by Vern McKinley
Cato Institute
April 14, 2014
Policy Analysis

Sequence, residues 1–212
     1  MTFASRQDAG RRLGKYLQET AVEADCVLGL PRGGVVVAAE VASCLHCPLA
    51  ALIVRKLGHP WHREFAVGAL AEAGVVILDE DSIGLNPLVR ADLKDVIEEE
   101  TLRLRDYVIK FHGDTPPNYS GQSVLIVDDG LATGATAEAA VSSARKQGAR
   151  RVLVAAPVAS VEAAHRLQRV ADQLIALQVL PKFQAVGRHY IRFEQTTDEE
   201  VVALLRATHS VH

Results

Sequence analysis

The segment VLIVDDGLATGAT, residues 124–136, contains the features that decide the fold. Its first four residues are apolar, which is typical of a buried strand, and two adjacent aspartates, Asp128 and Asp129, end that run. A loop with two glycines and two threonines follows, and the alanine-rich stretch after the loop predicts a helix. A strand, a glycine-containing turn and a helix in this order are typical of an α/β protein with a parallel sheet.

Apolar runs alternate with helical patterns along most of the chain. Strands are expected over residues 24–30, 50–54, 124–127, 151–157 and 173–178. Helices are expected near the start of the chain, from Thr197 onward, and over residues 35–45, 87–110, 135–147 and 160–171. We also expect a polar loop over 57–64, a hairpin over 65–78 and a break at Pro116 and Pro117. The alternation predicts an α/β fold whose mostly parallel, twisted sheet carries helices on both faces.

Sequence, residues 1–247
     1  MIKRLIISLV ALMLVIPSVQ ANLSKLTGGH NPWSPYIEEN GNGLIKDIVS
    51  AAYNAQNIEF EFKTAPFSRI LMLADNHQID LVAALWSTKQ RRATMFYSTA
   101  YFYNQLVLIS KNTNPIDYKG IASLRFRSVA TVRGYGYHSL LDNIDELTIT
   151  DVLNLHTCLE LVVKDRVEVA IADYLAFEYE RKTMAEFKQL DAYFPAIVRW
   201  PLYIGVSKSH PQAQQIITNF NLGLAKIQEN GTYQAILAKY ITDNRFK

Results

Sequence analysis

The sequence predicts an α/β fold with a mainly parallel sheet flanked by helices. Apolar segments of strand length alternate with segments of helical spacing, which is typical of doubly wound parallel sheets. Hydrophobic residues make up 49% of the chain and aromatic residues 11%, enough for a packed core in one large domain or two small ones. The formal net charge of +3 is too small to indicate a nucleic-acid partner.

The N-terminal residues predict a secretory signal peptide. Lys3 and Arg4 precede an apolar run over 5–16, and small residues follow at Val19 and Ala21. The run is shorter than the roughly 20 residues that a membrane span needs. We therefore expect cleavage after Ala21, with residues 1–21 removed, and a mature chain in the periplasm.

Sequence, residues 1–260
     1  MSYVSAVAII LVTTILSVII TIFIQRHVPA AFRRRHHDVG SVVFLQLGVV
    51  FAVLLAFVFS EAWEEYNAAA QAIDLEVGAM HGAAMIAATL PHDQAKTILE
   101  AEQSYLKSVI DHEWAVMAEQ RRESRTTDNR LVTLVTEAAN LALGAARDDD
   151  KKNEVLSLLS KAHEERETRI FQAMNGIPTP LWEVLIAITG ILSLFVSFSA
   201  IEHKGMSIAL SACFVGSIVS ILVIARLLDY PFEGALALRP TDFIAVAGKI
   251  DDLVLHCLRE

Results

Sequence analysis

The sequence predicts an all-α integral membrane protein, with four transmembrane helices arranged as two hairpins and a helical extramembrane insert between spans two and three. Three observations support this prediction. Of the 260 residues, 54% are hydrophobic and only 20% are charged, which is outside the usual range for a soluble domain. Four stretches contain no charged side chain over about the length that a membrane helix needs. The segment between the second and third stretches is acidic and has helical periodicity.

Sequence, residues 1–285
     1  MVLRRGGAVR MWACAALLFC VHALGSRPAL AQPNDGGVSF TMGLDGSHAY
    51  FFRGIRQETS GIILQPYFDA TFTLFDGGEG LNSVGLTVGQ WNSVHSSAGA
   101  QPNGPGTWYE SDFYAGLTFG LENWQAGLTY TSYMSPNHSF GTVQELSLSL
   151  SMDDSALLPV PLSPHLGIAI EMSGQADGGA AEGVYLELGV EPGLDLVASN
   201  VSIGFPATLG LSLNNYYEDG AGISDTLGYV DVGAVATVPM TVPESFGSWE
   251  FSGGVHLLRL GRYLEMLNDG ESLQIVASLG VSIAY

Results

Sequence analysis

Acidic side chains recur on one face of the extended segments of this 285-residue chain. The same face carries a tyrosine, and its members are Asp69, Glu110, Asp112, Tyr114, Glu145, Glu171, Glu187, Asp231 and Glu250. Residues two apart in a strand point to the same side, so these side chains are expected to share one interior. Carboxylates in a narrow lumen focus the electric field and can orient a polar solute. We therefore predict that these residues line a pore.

Throughout history there has been a consistent fear of bank runs, particularly regarding large institutions during times of crisis. The financial crisis of 2007-09 was no exception. The Financial Crisis Inquiry Commission, which was created after the crisis, highlighted no less than 10 cases of runs at individual institutions. Those runs were a major consideration in the shifting policy responses that authorities employed during the crisis. Yet, simple rules elaborated by Walter Bagehot and Anna J. Schwartz involving a systemic review of the condition of the financial system, prompt intervention, and consideration of the condition of individual institutions could have prevented the numerous ill-advised bailouts. Additionally, evidence that the runs were not indicative of a pending collapse of the system, but were rather a simple matter of migration of deposits from weaker institutions to stronger institutions, were apparently not considered or ignored.

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